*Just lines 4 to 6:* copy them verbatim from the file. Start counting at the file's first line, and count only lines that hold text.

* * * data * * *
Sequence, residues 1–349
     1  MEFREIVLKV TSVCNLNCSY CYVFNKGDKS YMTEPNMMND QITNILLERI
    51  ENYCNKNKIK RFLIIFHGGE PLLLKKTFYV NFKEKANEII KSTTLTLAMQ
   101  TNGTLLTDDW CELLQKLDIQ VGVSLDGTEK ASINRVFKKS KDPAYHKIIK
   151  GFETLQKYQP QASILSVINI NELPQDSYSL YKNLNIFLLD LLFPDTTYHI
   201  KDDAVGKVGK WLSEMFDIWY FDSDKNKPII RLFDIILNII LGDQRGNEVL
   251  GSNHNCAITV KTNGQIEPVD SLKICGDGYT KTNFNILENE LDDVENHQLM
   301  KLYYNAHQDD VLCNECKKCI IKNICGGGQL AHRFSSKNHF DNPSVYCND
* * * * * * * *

   101  TNGTLLTDDW CELLQKLDIQ VGVSLDGTEK ASINRVFKKS KDPAYHKIIK
   151  GFETLQKYQP QASILSVINI NELPQDSYSL YKNLNIFLLD LLFPDTTYHI
   201  KDDAVGKVGK WLSEMFDIWY FDSDKNKPII RLFDIILNII LGDQRGNEVL